Carleton Student Association (CSA) has been hard at work the past few weeks. On Monday, the CSA issued a resolution denouncing Minnesota’s proposed voter ID law, an action that comes exactly one week after it released a similar statement opposing the upcoming ballot measure that would constitutionally prohibit same-sex marriage in the state.
“These amendments, were they to be passed, would have a real material impact on students, faculty, and staff here at Carleton,” explained CSA President Michael McClellan ’13. “If we have barriers preventing people from coming to Minnesota, we will have real trouble attracting the top students and staff to Carleton.”
The two amendments, which Minnesotans will vote on this November, have already proven highly unpopular on campus, with a number of student organizations actively campaigning against them.
Many Carleton students view the voter identification initiative with particular enmity—it is widely considered an attempt to lessen the electoral influence of college voters, who often lack proper in-state identification, and who are generally considered solid allies of the Democratic Party and its affiliates.
But both of the Senate’s resolutions come at a time when many in the CSA are themselves advocating for amendments to the CSA Constitution, which was last altered in May of 2004. One proposal includes an amendment that would make it easier for the CSA to allocate funds to student groups and organizations. McClellan, the primary supporter of this proposal, highlighted the necessity of making such a change.
“We were in a situation where we had plenty of cash on hand, but were over the budget we had made,” he said, referring to cases of stalled financing that occurred last spring. “We had to declare emergency sessions to unlock any money for student organizations; it made us look terrible from the standpoint of pulling the purse strings closed.”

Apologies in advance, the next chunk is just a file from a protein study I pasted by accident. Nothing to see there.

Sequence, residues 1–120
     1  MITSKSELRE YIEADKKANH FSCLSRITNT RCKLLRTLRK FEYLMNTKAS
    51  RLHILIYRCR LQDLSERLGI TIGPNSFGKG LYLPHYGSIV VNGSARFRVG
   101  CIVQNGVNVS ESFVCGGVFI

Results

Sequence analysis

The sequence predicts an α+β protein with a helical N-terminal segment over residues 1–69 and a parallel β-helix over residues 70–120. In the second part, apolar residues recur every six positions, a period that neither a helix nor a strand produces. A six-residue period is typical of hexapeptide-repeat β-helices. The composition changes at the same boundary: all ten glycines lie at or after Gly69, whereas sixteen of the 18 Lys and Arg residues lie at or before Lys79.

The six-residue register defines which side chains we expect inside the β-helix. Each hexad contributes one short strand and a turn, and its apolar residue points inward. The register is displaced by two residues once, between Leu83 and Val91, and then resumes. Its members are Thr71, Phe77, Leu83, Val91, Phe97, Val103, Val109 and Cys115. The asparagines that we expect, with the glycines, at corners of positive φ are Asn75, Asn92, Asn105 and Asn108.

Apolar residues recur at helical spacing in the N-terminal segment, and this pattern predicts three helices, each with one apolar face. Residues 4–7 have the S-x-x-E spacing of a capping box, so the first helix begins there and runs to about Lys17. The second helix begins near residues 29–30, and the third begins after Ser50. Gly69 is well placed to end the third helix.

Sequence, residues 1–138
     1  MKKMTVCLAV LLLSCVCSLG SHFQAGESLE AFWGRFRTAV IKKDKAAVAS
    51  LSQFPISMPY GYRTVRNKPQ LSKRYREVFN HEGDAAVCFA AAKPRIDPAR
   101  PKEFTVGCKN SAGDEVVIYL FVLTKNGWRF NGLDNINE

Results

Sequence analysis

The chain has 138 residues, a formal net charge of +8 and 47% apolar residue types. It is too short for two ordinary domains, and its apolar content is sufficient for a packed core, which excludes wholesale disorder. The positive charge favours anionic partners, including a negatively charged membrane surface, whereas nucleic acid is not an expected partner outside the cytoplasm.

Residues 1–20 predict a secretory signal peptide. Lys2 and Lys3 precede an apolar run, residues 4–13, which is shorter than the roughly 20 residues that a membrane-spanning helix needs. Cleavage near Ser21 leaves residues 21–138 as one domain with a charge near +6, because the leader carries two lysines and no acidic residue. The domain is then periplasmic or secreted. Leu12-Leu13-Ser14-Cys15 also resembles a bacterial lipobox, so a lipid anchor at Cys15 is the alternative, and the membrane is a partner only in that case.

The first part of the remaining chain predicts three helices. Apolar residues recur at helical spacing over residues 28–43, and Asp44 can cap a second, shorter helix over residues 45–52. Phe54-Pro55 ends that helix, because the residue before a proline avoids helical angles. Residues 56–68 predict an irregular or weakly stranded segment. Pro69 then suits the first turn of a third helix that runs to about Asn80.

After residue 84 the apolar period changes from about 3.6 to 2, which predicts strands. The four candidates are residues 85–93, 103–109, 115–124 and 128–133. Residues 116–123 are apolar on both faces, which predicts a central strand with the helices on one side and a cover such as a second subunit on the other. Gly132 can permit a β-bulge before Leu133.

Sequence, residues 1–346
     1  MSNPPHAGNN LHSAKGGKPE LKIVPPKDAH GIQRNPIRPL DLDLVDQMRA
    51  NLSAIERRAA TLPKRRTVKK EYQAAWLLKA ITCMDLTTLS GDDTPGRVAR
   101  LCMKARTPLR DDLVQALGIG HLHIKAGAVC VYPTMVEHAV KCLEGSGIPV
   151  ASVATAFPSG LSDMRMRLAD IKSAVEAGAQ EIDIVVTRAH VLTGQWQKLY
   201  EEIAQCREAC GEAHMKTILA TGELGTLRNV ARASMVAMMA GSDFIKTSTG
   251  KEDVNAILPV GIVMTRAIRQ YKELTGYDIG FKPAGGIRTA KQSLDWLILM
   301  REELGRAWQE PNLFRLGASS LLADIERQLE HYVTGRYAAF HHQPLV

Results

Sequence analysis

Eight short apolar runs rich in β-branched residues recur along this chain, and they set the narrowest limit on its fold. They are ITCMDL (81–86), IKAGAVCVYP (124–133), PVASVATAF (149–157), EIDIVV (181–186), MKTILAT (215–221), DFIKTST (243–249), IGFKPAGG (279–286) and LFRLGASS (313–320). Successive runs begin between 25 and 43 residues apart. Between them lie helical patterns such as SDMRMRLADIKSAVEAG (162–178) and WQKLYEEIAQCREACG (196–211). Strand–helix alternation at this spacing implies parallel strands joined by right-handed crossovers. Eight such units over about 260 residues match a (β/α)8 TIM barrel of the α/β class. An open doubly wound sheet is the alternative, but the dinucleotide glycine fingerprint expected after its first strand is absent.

McClellan insists that many of these problems that hampered last year’s Budget Committee could be easily remedied through minor changes to the existing CSA Constitution, changes that he plans to put up for a referendum by the end of this term.
“Most of the problems came about from obstacles in our constitution—if we make some changes students will have easier access to their money,” he explained.
However, the planned reforms hardly stop there. The CSA, taking inspiration from St. Olaf’s famously inclusive Student Government Association, has begun to make a concerted effort to better communicate with the vast majority of Carleton students that do not actively participate in student government.
“I think that St. Olaf has done publicity in some very good ways—they are good at getting the word out and connecting with the student body,” McClellan said
Student government leaders would certainly benefit from refocusing the school’s attention, especially in light of the recent on-campus controversy surrounding printing quotas (Editor’s note: for the CSA’s view on the printing quota, please see the Opinion section).
Many in the CSA believe that the best way to do this is by demonstrating the instances in which the CSA’s decisions clearly line up with initiatives that find wide-ranging support among the student body.
An example that is commonly provided is the ongoing renovation of The Cave, a project supported entirely by the work of the CSA Budget Committee.
“The biggest thing that we are doing is putting lots of money in the Cave; into furniture, the sound system, and the stage,” said McClellan. “We want it to be the absolute best space possible, and we think it will be.”